American conservatives have long argued that the judiciary should defer to the elected branches of government on matters of policymaking, correctly observing that the practice of judicial deference dates to the founding of the nation. Even those founders who favored a somewhat “elastic” interpretation of the Constitution condemned the notion of “legislating from the bench.” As Alexander Hamilton noted in Federalist #78, the judiciary possessed neither the purse nor the sword, and would retain its legitimacy due to the fact that judges possessed little discretion and were required to follow precedent, all the while observing a strict separation from the elected branches of government.
It is important to keep this in mind in light of the recent National Security Agency surveillance “scandal” which has led to calls for increased judicial oversight of the nation’s intelligence community.
Yesterday 205 members of the House, defying the partisan polarization that has recently characterized that body, voted for an amendment limiting the NSA’s blanket collection of telephone records. Last week a federal judge appointed to the bench by George W. Bush lit into a government lawyer claiming limitless executive authority to assassinate U.S. citizens in drone attacks. The tide may be turning. But most heads in the war on terror ultimately spring from one hydra, and that hydra lives: a post-9/11 authorization of force through which Congress ceded an enormous and amorphous swath of power to the President to wage war without end on an enemy without definition.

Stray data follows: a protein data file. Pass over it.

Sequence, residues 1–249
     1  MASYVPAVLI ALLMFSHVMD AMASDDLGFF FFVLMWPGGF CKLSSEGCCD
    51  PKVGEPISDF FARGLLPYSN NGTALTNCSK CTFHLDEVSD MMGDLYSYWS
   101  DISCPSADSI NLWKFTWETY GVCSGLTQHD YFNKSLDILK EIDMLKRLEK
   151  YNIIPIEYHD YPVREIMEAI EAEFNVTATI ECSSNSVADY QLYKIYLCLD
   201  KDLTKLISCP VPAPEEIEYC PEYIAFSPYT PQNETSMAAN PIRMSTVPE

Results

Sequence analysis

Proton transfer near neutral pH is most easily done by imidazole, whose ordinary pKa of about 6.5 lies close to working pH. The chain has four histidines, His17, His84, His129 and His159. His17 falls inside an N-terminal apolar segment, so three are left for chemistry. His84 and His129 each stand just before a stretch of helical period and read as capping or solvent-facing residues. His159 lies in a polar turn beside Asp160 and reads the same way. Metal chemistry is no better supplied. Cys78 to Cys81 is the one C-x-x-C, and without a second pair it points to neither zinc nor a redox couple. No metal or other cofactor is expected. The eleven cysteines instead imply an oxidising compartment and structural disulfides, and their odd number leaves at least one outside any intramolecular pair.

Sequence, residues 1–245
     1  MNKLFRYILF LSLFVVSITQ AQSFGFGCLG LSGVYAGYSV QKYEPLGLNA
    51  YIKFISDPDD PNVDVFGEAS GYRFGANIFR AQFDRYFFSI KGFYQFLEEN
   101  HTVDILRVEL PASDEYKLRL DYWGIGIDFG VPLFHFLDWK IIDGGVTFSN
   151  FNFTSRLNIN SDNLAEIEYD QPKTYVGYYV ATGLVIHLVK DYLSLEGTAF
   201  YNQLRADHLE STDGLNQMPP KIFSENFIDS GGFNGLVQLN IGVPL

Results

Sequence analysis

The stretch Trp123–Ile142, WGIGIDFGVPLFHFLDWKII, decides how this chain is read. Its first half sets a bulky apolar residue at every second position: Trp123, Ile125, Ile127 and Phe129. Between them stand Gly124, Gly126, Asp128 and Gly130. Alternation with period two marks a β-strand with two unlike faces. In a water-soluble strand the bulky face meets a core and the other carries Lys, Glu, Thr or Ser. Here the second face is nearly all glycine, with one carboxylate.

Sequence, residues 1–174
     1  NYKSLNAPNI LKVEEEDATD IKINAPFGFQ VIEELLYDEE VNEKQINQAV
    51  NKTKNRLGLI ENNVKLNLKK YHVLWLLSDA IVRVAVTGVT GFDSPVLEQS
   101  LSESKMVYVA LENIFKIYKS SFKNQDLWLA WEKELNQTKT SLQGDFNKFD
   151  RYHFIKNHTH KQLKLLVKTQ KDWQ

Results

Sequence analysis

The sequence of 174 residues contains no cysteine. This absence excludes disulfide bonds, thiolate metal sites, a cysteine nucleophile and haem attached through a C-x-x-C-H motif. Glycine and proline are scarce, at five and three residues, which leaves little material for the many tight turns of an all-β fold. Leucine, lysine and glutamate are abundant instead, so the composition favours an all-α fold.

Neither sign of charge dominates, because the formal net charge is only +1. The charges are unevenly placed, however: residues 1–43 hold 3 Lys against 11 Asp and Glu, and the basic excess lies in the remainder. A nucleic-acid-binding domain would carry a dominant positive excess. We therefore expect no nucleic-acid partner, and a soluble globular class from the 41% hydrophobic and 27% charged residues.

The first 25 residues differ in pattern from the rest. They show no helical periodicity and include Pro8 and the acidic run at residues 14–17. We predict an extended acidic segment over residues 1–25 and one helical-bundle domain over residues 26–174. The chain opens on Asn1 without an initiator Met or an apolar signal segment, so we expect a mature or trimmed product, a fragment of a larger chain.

I’ve just returned from a vacation in Paris, which I report partly to induce envy (I went), partly to seek sympathy (I returned) and primarily—having favorably compared our revolution to theirs in this space—to give credit where due: The French have managed to maintain security amid an environment of openness in a way that has eluded us. Part of the reason is that the French internal security services keep a close watch on radical Islamic activity. Another is that they have not had to confront a calamity on the scale of 9/11. But one wonders, as I have speculated here before, whether some of the difference has to do with attitudes toward risk. The French may have accepted 99 percent security. We demand the full 100. And that extra percentage point—which is, not incidentally, delusive—is a costly one indeed.